Differentiate between Liberal Feminism and Radical Feminism

Radical and Liberal Feminism

Feminism as an organized political ideology has come a long way from its early days. Mary Wollstonecraft in ‘A Vindication of the Rights of Women’ (1792) argued that women should be entitled to the same rights as men on the grounds that ‘human beings’. Feminism through its four waves has grown to bring more and more people under its fold through the recognition of intersectionality in the third wave and inclusion of LGBTQIA+ community in the fourth wave. Yet the fundamental difference between liberal and radical feminism remains important for anyone willing to explore feminism.

Liberal Feminism

Liberal Feminism is the earliest form of feminism with Mary Wollstonecraft as its earliest proponent. It is philosophically based on the ideas of individualism, the belief that the human individual is all-important and therefore that all individuals are of equal moral worth and are entitled to equal treatment regardless of their sex, race, colour, creed or religion. The demand for equal rights lies at the core of liberal feminism. The Suffragette Movement in the 19th and early 20th century was based on the ideas of liberal feminism and the conviction that female emancipation would be brought about once women enjoyed equal voting rights.

Liberal Feminism is reformist that is it seeks to reform the current structure to make it more equitable rather than to challenge what many other (radical) feminists see as the patriarchal structure of the society itself. In particular, liberal feminism does not seek to abolish the distinction between personal and political. They believe that opening up public life to equal completion between men and women is important by ensuring equal political rights such as the right to education, right to vote, right to pursue a career, etc. However liberal feminist doesn’t focus much on the personal spheres such as sexual division of labour, etc.

Liberal feminists succumb to biological determinism which is the idea that men and women are biologically different and women are biologically more suitable for certain responsibilities as child-rearing, taking care of the house, etc. Liberal feminism has often been accused of being privileged white feminism since only women that are educationally and socially well off can take advantage of a wider education and career opportunities. Thus it fails to address the problem of working-class women, black women and women in the developing world. Betty Friedan’s ‘The Feminine Mystique’ marked the start of second-wave feminism. Although Betty Friedan is a liberal feminist icon, second-wave feminism came to be largely dominated by radical feminists.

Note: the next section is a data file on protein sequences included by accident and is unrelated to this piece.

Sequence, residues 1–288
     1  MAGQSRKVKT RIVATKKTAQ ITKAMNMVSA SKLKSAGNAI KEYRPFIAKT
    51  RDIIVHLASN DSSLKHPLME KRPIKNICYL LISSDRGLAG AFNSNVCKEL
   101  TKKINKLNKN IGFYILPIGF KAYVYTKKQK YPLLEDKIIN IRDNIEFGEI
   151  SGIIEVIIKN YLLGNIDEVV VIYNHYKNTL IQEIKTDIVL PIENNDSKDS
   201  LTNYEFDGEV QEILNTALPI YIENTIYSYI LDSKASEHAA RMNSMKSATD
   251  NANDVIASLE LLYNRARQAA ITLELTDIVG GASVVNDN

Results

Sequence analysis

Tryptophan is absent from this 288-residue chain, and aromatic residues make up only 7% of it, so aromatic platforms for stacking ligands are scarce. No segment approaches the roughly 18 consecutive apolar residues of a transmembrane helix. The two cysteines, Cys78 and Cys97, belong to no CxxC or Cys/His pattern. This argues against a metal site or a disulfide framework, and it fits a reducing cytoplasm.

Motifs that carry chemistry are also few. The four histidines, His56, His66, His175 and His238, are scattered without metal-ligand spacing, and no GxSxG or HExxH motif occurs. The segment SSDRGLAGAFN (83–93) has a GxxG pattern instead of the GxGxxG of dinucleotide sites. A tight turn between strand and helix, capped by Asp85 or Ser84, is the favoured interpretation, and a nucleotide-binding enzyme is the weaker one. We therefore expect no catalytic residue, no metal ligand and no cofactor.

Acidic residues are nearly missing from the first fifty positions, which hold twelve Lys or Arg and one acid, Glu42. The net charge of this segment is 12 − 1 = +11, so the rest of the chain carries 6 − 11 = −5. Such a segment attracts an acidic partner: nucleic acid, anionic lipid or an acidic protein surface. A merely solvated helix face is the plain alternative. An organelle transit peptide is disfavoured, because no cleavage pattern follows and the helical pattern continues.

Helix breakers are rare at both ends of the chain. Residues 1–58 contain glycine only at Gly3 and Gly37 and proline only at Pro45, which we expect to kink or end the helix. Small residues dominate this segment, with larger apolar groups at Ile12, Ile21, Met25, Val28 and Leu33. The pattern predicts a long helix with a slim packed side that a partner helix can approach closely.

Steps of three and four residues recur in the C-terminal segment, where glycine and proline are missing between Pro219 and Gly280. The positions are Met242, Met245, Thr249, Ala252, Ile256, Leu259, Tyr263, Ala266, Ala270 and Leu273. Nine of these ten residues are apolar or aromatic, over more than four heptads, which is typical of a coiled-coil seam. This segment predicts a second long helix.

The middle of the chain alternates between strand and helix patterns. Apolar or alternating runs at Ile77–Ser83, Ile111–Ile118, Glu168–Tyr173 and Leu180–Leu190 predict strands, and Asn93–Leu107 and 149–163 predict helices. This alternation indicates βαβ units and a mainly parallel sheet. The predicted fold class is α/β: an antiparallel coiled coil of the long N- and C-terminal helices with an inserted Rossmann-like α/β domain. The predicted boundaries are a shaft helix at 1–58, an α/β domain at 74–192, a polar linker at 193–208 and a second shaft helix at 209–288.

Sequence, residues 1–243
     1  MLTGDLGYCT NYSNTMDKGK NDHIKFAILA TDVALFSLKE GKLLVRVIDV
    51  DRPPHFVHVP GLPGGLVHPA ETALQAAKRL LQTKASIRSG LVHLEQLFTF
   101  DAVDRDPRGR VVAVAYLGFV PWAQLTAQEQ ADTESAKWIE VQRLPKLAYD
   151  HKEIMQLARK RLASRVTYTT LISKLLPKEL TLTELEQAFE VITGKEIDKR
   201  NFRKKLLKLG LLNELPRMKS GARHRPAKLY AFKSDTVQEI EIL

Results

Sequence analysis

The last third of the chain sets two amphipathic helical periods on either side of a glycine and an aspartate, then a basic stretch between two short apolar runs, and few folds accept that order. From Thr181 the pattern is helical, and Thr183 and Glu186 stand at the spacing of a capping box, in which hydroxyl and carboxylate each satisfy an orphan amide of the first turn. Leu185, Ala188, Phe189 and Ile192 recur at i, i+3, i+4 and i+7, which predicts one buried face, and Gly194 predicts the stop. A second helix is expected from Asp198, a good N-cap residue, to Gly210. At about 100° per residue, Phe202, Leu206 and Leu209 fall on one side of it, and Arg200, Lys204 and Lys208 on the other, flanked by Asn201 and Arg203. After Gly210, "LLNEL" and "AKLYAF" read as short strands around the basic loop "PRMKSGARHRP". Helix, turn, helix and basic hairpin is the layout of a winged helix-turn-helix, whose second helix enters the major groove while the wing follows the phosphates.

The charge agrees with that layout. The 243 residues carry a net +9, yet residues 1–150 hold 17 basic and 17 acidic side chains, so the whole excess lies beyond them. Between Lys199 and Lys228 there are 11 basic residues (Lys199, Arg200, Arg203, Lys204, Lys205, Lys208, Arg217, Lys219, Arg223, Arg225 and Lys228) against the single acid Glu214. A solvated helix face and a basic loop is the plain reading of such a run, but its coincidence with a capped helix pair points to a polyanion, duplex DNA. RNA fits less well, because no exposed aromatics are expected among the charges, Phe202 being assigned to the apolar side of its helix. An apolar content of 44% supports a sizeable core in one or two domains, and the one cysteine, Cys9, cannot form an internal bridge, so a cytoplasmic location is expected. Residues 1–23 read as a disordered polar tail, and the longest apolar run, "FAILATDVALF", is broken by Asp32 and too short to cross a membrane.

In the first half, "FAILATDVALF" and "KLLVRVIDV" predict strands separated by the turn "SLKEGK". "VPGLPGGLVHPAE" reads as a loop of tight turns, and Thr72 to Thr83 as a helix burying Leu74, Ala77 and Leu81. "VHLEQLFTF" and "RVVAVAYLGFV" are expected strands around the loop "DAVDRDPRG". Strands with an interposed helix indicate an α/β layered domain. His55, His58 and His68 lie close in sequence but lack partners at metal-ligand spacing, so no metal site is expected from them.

Radical Feminism

The central feature of radical feminism is the belief that sexual oppression is the most fundamental feature of society and that other forms of injustice- class, exploitation, racial hatred and so on- are merely secondary (Andrew Heywood, Political Ideologies). Radical feminists insist on highlighting the role of patriarchy in sexual oppression of women. They seek to abolish the entire structure of patriarchy. Pioneer radical feminists have been Simone de Beauvoir (The Second Sex, 1949), Germaine Greer (The Female Eunuch, 1970), Kate Millet (Sexual Politics, 1970), Andrea Dworkin, Catherine Mackinnon, etc.

The major achievement of radical feminism is the ‘Personal is Political’ Movement which brought issues related to women’s bodies and personal lives such as abortion and divorce into the political sphere and demanded to be legislated upon. Roe v Wade, a major Supreme Court judgment in the United States which gave women the right to abortion was a step in reducing the sexual control that men have on women. The idea of sexual control is of centrality in radical feminism. Susan Brownmiller’s ‘Against Our Will’ (1975) emphasizes that men dominate women through a process of physical and sexual abuse. Men have created an ‘ideology of rape’ which ‘amounts to a constant process of intimidation by which all men keep all women in a state of fear’. Brownmiller argued that men rape because they can, because they have the ‘biological capacity to rape’ and that even men who do not rape nevertheless benefit from the fear and anxiety that rape provokes in all women. Andrea Dworkin and Catherine Mackinnon provided a similar critique of pornography which they believe is “the graphic sexual explicit subordination of women through picture and words”. It constitutes violence against women and perpetuates rape culture.

In conclusion, liberal and radical feminism remain two extremely polar yet equally intrinsic schools of thought within feminism and both find equal number of followers even today when feminism has branched out into socialist feminism, black feminism, intersectional feminism, eco feminism, postmodern feminism, etc.

Read: Three waves of Feminism

Share on:

Astha is an opinionated Gen Z and a dedicated bibliophile who is currently pursuing Political Science and Economics at Miranda House. She is an ambivert and finds discussions on politics and international affairs to be her favorite icebreakers. She is a proud feminist.